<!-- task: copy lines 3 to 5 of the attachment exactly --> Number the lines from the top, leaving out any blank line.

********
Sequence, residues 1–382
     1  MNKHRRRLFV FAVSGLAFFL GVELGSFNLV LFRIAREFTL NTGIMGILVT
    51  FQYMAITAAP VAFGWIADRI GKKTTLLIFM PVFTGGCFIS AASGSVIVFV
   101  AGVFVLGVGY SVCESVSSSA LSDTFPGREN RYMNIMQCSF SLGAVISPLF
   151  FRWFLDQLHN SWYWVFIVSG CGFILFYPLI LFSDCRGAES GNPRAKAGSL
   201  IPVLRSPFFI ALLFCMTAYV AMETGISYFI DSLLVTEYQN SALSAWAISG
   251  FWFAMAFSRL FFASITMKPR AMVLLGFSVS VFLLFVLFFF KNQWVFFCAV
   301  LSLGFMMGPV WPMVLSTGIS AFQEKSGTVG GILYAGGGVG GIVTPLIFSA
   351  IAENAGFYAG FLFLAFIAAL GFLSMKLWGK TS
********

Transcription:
    51  FQYMAITAAP VAFGWIADRI GKKTTLLIFM PVFTGGCFIS AASGSVIVFV
   101  AGVFVLGVGY SVCESVSSSA LSDTFPGREN RYMNIMQCSF SLGAVISPLF
   151  FRWFLDQLHN SWYWVFIVSG CGFILFYPLI LFSDCRGAES GNPRAKAGSL